“It’s a good opportunity for the country to see what he is going to do,” Williams-Preston said. “How can he change and adapt? He’s young and he’s been on a very steep trajectory, so maybe he’s missed a lot because he’s been on that trajectory. But it’s exciting to see that he’s on a path.”

Buttigieg would end up hiring a program manager from the University of Notre Dame named Christina Brooks to lead the diversity office. In their time working together, she said she found at least one surefire way to persuade him.

During a meeting over whether the city should commission a study looking at racial disparities in the distribution of city contracts, she reminded the group that the city had first promised to do the study in 1987.

“The community has been waiting for the results,” Brooks recalled saying. “It would be great if we could deliver on that promise.”

With the loom of an unfulfilled promise hanging over the black community for a generation — and also a potential presidential campaign — Buttigieg approved the study.

A curious intellect

Buttigieg is still asking how to deal with addressing differences.

He brought it up with the Rev. Al Sharpton when they dined at a soul food restaurant in Harlem. Sharpton noticed that Buttigieg was “very self-conscious in that he did not want to rub people the wrong way or be misunderstood,” so much so that he asked Sharpton if it was okay to eat fried chicken with his hands.

Buttigieg primarily wanted to know whether Sharpton thought African Americans would accept his difference, being a gay candidate, Sharpton said. Sharpton told him to “be candid and say, I am how I am, and be nonapologetic and not be arrogant. You’ve got to talk to them like you understand their reality rather than this preconceived notion.”

Other politicians were able to overcome differences — and form strong connections with the black community. Bill Clinton demonstrated such a comfort and knowledge of black culture that Morrison, the author, referred to him as “the first black president.” Barack Obama, who at first received questions about whether his Kenyan ancestry made him “black enough” for African Americans, drew appeal through his charisma and the history-making nature of his presidential candidacy.

In many ways, Buttigieg’s struggle contrasts with another front-runner who is trying to appeal to moderates, former vice president Joe Biden. Biden’s racial lens was largely based on forming relationships, which have endeared him to black voters in South Carolina even as a young generation harps on his lack of familiarity in discussing systemic racism.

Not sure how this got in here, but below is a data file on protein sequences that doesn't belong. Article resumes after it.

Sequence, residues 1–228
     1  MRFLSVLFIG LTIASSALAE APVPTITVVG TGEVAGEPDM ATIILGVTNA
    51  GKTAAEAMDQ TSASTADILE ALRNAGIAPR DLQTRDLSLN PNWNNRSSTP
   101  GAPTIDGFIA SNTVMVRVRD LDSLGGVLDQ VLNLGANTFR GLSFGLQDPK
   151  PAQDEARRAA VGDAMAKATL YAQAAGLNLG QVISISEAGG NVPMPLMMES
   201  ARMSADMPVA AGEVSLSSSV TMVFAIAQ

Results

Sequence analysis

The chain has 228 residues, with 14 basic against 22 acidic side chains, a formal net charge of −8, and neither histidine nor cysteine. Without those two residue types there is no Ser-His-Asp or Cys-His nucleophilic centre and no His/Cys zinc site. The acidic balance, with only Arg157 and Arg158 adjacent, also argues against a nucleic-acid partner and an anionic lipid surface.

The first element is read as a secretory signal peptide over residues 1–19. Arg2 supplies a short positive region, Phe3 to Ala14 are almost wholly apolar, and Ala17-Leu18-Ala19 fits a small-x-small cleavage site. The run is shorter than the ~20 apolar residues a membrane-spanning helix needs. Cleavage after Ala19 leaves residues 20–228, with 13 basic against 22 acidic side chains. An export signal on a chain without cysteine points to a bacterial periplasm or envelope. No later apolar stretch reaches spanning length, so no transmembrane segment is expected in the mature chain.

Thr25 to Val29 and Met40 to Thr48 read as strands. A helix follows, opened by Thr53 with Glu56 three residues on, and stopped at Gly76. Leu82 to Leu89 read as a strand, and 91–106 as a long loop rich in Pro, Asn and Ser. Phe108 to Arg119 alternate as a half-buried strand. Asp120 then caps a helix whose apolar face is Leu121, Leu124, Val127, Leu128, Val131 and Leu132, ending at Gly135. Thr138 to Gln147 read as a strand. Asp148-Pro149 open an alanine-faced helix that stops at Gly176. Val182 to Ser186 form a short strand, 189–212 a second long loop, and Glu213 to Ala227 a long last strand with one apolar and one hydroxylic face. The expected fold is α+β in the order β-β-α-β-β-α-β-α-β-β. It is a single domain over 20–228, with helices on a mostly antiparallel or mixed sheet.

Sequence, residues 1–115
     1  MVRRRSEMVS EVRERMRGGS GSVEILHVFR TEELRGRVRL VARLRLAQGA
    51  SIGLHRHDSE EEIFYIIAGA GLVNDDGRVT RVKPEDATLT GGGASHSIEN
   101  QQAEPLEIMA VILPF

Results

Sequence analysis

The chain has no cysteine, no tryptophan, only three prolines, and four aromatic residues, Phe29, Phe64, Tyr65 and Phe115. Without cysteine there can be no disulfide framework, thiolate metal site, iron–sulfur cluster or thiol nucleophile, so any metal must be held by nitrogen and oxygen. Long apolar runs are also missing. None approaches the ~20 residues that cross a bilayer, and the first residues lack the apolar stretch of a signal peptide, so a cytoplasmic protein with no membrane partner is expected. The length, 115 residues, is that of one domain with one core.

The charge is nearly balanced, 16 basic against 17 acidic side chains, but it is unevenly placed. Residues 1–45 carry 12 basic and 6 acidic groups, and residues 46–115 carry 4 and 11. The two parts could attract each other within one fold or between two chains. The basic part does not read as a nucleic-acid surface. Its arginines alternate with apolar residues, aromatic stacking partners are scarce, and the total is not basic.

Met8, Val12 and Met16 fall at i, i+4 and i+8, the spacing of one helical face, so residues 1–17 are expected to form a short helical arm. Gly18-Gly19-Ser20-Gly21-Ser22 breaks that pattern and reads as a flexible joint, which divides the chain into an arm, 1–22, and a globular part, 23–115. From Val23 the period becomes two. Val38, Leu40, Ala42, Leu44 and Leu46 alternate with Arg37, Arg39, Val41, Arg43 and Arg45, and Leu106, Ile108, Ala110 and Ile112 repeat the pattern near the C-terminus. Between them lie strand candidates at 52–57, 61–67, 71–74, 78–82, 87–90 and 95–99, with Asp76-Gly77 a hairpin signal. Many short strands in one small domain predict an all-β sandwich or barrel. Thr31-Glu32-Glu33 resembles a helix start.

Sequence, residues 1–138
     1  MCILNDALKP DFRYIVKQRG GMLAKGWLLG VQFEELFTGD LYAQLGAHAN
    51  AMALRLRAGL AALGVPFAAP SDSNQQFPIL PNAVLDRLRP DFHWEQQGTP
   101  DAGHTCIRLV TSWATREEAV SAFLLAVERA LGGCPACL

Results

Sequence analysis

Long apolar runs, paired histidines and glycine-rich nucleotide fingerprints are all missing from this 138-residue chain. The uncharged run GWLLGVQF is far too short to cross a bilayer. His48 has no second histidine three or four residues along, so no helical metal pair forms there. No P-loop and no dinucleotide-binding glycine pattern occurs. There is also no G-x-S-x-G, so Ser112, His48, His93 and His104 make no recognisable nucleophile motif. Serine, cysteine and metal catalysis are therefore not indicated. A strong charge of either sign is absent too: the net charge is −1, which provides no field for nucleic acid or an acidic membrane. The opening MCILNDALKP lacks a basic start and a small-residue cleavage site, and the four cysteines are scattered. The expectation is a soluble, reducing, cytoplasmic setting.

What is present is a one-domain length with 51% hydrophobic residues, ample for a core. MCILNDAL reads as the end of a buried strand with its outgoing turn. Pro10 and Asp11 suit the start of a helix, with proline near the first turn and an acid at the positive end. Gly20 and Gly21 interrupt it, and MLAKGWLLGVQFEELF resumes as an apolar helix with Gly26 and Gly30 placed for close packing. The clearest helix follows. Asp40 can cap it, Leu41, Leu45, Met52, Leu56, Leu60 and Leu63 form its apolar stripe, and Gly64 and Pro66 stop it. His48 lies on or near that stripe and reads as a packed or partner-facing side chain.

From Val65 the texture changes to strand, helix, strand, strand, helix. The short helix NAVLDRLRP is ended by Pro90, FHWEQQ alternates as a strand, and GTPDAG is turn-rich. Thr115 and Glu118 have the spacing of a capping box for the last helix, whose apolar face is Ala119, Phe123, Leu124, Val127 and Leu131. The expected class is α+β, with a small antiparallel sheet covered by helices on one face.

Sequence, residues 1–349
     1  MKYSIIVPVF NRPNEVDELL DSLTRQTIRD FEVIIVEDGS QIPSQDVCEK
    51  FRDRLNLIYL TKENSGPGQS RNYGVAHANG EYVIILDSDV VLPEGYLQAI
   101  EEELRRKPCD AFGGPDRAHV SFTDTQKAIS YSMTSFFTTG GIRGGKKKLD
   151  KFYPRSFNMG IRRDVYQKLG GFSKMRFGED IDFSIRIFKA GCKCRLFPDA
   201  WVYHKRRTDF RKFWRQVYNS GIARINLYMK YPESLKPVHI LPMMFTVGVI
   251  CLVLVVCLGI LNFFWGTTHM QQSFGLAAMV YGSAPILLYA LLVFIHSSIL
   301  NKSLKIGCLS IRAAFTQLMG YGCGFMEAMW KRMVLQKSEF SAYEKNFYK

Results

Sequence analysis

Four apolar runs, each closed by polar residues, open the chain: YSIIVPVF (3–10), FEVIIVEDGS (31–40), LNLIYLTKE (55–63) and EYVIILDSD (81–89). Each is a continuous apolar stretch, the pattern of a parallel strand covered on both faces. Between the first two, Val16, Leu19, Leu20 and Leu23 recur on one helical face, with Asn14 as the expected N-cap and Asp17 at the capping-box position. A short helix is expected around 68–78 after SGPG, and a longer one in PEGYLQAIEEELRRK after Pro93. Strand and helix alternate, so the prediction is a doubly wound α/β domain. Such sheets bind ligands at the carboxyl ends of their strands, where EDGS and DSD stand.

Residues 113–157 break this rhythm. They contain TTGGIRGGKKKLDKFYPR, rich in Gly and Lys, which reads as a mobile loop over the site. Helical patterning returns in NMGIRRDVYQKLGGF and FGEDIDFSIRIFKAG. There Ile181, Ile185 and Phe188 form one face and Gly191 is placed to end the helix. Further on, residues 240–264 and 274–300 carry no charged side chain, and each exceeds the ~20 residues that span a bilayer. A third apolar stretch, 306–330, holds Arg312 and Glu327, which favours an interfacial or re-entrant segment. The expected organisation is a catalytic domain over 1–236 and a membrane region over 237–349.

Buttigieg, meanwhile, has been criticized for understanding race on an academic level, but not on a personal one. It’s the difference in their approaches in their formative years. When Biden wanted to learn about black culture, he took himself to the local pool. Buttigieg went to the bookshelf.

Sharpton suggested Buttigieg lean into his personality as a curious intellect.

“The fact that he wants to learn what he does not know and represent it as part of his campaign and his quest of the presidency, with having the Ivy League kind of background, is a good thing,” Sharpton said. “I think if we tell people you have to stop engaging in classism and racism and gender bias and homophobia, [we can’t be] biased against people who are well-educated and veterans and kind of nerdy-like.”

Buttigieg’s political opponents argue that the polarizing times call for a president who can lead on race issues, not just learn about them.

And then there’s the issue of how he has represented what he has learned. When he suggested during a debate last month that being gay helps him empathize with African Americans familiar with “feeling like a stranger in my own country,” he was channeling the emotions he experienced with his roommate while walking through Potomac, his empathy with main character in “The Bluest Eye.”

But Sen. Kamala D. Harris (D-Calif.), who has since ended her presidential bid, dismissed his rhetoric as “a bit naive.” Some worried he might revive a tension between the black rights and gay rights movements.

Oliver Davis, a South Bend council member who has since endorsed Biden, groaned when Buttigieg made that allusion. It has felt to him like Buttigieg was showing the same tone-deaf nature he had when he first became mayor. When Buttigieg’s campaign first started, something happened that made the council member question whether his mayor had truly learned anything at all.

Buttigieg announced his candidacy in South Bend at an old Studebaker plant. The crowd was overwhelmingly white. Many older black residents, Davis said, would not attend even if they were interested. It started at noon on a Sunday, and they were in church.

Correction: An earlier version of this article stated the wrong time for Pete Buttigieg’s event in which he announced he was running for president. The article also incorrectly said Barack Obama spent his youth in Kansas.